There is now a high-dose influenza vaccine for adults 65 years and older because it produces a better immune response in this age group, which generally translates into better protection. Older adults don’t respond like healthy adults to the vaccine, so this high-dose vaccine contains four times the concentration as the regular influenza vaccine.

All family members that older adults surround themselves with should be vaccinated against flu because that is the best way for them to be protected.

It is recommended that pregnant women be vaccinated during any trimester. They must receive the inactivated vaccine, or the flu shot.

“When the mother is vaccinated she will transfer the antibodies through the placenta to her infant, who thereby will be passively protected during the first six months of life. This will reduce the risk of hospitalization in those first six months, which is substantially high,” said Piedra.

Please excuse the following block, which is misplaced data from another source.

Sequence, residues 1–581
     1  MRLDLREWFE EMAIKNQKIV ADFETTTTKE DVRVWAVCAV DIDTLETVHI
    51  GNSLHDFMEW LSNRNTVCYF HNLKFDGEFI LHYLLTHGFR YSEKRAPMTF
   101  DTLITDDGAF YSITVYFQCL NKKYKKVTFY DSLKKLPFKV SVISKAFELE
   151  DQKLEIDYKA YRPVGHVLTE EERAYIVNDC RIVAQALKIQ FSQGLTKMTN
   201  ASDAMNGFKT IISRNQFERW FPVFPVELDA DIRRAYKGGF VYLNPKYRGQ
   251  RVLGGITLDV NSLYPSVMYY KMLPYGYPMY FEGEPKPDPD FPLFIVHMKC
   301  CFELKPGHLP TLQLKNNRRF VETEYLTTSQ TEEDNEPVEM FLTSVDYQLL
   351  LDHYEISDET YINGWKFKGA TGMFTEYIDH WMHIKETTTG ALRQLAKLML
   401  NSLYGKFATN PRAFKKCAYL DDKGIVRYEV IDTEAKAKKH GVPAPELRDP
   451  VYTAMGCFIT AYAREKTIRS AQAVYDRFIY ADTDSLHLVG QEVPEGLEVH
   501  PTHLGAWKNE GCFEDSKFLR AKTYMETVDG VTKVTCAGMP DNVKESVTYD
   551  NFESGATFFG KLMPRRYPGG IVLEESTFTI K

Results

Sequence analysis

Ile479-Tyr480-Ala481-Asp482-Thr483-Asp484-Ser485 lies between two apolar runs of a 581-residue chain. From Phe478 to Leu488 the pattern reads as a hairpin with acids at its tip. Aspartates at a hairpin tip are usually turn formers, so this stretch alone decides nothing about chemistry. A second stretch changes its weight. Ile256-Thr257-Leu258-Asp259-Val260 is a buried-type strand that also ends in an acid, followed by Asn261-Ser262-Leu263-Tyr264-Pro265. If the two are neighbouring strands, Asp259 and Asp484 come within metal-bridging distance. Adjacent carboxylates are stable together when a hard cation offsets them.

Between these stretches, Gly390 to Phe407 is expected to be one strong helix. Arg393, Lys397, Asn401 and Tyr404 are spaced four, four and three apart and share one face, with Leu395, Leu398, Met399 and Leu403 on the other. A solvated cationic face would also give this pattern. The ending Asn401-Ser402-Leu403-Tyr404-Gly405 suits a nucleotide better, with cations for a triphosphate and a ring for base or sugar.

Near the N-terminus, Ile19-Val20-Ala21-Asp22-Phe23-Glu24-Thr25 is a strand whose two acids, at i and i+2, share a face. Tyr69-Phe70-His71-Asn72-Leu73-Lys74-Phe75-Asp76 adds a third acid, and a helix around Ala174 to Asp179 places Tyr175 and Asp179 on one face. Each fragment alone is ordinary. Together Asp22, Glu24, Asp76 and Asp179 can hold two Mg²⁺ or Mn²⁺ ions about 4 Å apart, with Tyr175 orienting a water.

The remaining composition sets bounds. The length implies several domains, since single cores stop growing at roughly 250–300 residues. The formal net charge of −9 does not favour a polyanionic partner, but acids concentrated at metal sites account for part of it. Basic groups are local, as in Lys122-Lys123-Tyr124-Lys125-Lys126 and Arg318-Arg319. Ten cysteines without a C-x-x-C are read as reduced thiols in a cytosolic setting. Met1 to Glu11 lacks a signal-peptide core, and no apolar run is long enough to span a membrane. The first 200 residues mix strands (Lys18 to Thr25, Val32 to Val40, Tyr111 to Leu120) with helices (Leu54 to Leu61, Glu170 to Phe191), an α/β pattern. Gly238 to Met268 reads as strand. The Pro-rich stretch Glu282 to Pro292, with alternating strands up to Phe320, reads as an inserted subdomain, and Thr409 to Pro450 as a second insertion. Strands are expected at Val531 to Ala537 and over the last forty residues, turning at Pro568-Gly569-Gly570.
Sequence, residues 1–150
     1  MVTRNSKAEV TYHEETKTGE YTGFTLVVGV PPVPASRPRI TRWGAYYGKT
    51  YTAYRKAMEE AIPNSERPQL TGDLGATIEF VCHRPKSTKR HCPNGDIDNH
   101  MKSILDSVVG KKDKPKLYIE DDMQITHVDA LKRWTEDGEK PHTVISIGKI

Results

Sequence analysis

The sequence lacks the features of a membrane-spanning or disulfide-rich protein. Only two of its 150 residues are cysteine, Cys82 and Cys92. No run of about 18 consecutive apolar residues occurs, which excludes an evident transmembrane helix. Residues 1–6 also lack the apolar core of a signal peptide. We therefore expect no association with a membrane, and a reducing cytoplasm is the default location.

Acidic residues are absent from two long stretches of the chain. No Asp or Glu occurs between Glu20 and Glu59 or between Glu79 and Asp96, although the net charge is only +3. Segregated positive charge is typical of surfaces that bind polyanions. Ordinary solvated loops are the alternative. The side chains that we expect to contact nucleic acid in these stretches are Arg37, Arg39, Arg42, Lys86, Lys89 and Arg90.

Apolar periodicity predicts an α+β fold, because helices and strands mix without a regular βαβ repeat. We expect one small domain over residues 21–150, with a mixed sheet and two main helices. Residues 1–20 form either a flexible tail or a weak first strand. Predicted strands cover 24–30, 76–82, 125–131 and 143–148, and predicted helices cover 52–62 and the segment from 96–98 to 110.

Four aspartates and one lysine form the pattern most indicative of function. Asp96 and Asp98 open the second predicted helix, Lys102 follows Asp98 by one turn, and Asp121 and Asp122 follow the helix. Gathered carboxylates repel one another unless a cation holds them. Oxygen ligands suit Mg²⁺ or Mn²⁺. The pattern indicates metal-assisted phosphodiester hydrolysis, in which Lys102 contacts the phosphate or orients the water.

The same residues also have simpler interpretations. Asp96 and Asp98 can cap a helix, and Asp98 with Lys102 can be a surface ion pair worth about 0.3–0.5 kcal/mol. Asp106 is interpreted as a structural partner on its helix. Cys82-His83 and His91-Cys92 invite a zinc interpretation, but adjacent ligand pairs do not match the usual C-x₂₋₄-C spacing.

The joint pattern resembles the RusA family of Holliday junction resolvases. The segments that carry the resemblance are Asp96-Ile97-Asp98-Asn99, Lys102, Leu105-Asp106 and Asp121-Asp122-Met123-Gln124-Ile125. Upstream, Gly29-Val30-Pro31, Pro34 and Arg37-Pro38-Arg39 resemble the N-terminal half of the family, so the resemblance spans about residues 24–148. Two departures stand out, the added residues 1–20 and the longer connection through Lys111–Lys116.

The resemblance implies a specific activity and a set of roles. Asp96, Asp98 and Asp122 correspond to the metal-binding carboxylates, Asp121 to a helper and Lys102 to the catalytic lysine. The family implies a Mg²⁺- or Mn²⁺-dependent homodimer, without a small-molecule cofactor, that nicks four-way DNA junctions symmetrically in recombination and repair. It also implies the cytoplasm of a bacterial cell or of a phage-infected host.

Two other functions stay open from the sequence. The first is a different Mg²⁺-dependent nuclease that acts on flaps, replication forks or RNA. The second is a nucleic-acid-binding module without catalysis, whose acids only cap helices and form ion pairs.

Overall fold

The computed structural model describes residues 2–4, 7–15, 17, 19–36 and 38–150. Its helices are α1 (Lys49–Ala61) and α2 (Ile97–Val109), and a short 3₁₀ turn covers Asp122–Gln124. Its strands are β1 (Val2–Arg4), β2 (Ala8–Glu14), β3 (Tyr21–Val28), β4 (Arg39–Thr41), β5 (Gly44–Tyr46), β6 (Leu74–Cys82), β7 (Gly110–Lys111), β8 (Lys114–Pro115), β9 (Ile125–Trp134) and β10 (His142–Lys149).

Anyone in the healthcare environment should be protected against flu to reduce the risk of spreading it to others who would be very susceptible in a high-risk setting like a hospital.


If you have a significant allergic illness to one of the vaccine components, such as eggs, you would not want to receive an egg-based influenza vaccine, but you could still receive a cell-based influenza vaccine.

Individuals with Guillain-Barre Syndrome should speak with their physicians to weigh the risk versus the benefit of getting the influenza vaccine.

Piedra said not to wait until the flu is here to get vaccinated because it reduces the time that that the vaccine can provide protection during the flu season. The vaccine takes about one to two weeks to give full protection against the virus.